Comminications officer for the Maternal, Neonatal and Infant Health (MNIH) project Ruth Howard (second right) poses with Renea Thompson, MNIH research officer (second left) and members of the Women’s Empowerment Group, (seated from left: Charmaine Parkinson, Sonia Small, Doreen Knight, and Cynthia Stephenson-Brown, aswell as (standing, from left) Enna McDonald, Opal Dennis, Agatha Lewis, Neketa Guthrie, Aliseen Bruce, Carmeleta Hutchinson, and Joan Mendez.
AT least one group of women is urging fathers to be as active as possible in their children's lives, as mothers cannot play both roles.
Members of the Women's Empowerment (WE) Group, who are volunteers and advocates, use the Women's Resource and Outreach Centre (WROC) on Beechwood Avenue in St Andrew as their base.
They were speaking at a special meeting to discuss some of the issues facing inner-city women last week.
“Yes, we mothers can try to play the role of two parents, but we really can't do it as how a father would do their role,” said Doreen Knight, one of the core members of the group.
“Just like how a father can take care of his children in the mother's absence, but he still can't be a mother, it's the same way women can provide for their children and care for them, but they still can't be fathers,” she continued.
She encouraged fathers to do what they should for their children, in spite of the type of relationship they might have with the other parent.
“So even if you and the mother have issues, you have to step up and play your role and play your part, because fathers are very important in everyone's lives. You can see a big difference when fathers are present,” Knight stressed.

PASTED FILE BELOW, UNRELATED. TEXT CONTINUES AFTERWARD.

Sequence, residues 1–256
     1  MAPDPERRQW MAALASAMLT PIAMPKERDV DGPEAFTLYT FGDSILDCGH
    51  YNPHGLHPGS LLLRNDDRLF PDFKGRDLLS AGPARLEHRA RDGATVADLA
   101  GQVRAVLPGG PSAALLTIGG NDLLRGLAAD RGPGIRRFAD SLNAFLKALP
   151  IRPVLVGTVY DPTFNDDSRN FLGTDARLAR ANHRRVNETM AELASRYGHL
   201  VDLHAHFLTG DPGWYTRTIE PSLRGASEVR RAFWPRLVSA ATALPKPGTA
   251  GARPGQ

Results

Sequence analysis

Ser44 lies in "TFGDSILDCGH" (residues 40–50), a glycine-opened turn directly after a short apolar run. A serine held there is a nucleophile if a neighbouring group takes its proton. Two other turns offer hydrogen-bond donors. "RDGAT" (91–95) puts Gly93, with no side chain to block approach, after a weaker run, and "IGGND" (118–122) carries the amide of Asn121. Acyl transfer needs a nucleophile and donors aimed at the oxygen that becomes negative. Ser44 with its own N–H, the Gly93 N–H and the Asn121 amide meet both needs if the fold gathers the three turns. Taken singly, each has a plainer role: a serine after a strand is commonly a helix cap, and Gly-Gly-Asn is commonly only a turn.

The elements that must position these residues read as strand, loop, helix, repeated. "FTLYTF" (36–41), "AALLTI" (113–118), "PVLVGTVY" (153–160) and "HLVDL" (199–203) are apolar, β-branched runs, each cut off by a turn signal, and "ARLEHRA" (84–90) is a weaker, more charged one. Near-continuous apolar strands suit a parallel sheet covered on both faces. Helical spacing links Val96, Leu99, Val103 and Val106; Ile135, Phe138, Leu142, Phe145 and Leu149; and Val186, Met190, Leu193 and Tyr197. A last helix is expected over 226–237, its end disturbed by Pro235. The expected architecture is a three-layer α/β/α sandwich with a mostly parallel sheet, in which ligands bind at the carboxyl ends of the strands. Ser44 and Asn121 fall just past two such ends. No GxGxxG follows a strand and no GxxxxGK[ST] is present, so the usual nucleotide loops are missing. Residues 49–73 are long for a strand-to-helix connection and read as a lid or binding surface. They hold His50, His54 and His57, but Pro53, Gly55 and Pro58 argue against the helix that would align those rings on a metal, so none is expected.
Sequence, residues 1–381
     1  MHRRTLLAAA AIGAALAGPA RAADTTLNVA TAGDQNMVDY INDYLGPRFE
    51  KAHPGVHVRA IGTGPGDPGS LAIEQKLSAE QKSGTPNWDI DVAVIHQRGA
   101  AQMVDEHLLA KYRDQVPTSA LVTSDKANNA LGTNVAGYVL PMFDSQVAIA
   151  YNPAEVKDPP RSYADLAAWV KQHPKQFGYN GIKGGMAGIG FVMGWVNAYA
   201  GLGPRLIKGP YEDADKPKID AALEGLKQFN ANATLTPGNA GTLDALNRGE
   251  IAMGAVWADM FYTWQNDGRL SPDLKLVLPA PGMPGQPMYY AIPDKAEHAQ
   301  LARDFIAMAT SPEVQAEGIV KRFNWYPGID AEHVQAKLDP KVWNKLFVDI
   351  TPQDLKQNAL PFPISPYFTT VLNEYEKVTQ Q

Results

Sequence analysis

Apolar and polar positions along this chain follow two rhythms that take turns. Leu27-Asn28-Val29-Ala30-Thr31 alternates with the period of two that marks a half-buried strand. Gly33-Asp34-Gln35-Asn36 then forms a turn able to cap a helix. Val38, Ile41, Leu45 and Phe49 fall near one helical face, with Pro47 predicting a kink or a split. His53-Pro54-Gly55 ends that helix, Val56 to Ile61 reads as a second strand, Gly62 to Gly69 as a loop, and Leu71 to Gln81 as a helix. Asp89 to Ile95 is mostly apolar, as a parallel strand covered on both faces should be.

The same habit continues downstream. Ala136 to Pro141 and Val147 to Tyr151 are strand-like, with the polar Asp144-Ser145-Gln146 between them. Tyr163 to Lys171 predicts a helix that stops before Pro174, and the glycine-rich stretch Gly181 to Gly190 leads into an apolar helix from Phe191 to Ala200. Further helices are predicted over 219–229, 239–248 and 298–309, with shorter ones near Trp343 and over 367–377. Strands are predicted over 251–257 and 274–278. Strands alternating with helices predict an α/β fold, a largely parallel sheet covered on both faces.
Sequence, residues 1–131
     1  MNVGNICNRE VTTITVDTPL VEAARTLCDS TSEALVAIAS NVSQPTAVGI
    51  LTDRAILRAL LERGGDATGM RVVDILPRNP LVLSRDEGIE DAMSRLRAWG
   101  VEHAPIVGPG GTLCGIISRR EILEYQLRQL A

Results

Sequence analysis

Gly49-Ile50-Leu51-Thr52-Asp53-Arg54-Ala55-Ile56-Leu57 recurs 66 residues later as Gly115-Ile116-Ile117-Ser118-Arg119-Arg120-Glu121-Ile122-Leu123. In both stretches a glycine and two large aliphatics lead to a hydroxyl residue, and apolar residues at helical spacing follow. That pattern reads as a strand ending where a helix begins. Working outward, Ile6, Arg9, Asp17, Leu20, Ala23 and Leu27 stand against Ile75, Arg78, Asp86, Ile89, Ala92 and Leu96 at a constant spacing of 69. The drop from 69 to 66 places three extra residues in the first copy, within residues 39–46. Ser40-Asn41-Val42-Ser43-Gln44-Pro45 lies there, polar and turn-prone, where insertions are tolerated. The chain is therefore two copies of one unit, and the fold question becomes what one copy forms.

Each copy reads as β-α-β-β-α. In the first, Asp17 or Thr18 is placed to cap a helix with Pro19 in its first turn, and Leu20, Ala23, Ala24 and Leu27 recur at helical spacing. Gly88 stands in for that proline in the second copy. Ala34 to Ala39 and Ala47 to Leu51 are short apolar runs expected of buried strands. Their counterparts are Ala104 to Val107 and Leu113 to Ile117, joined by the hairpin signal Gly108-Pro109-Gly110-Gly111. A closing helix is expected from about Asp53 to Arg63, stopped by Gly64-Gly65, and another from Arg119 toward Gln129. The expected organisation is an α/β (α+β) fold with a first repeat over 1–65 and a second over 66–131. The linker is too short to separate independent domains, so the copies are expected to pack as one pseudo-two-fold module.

Another member of the group, Opal Dennis, used the opportunity to wish Jamaican dads a happy Father's Day, which was observed yesterday.
“Happy Father's Day to the good, good father them — the real fathers, the fathers who talk like fathers and work like fathers and act like fathers,” she said.
“But I will never wish bad for a father who is not stepping up to the plate,” she quickly added.
The comment caused the other members of the group to eye her warily, so she explained: “God has his way of giving everybody their fair share of blessings, so if a father doesn't want to support his child, I can't force him. Let him be, because a mother can never say no; even when a father can disown his child, a mother can never disown her child.
“So I still tell them happy Father's Day, and I hope God bless them and pour more blessings on them so that they can support their children,” an optimistic Dennis said, as the other members cheered in agreement.
The Women's Empowerment Group was formed last June after some of the women were trained in leadership and self-development skills as well as and health rights advocacy under a USAID-funded National Integrity Action programme and and EU-funded Partnership for the Promotion of Patients' Rights in Maternal, Neonatal & Infant Health, both of which were facilitated by WROC.
Since its formation, the group of women, who are of various ages, have been positively impacting their communities through volunteerism and advocacy.
“We wanted to help the young people in our communities, as well as develop ourselves and families, so we decided to form the group,” Dennis explained. “We have been to numerous places and we learn a lot of things, including leadership, proper etiquette, conflict resolution, time management, and how to appreciate each other. We try to resolve several conflicts in our communities, such as sending back children to school and educating people about their rights and sexual health.”
— Candiece Knight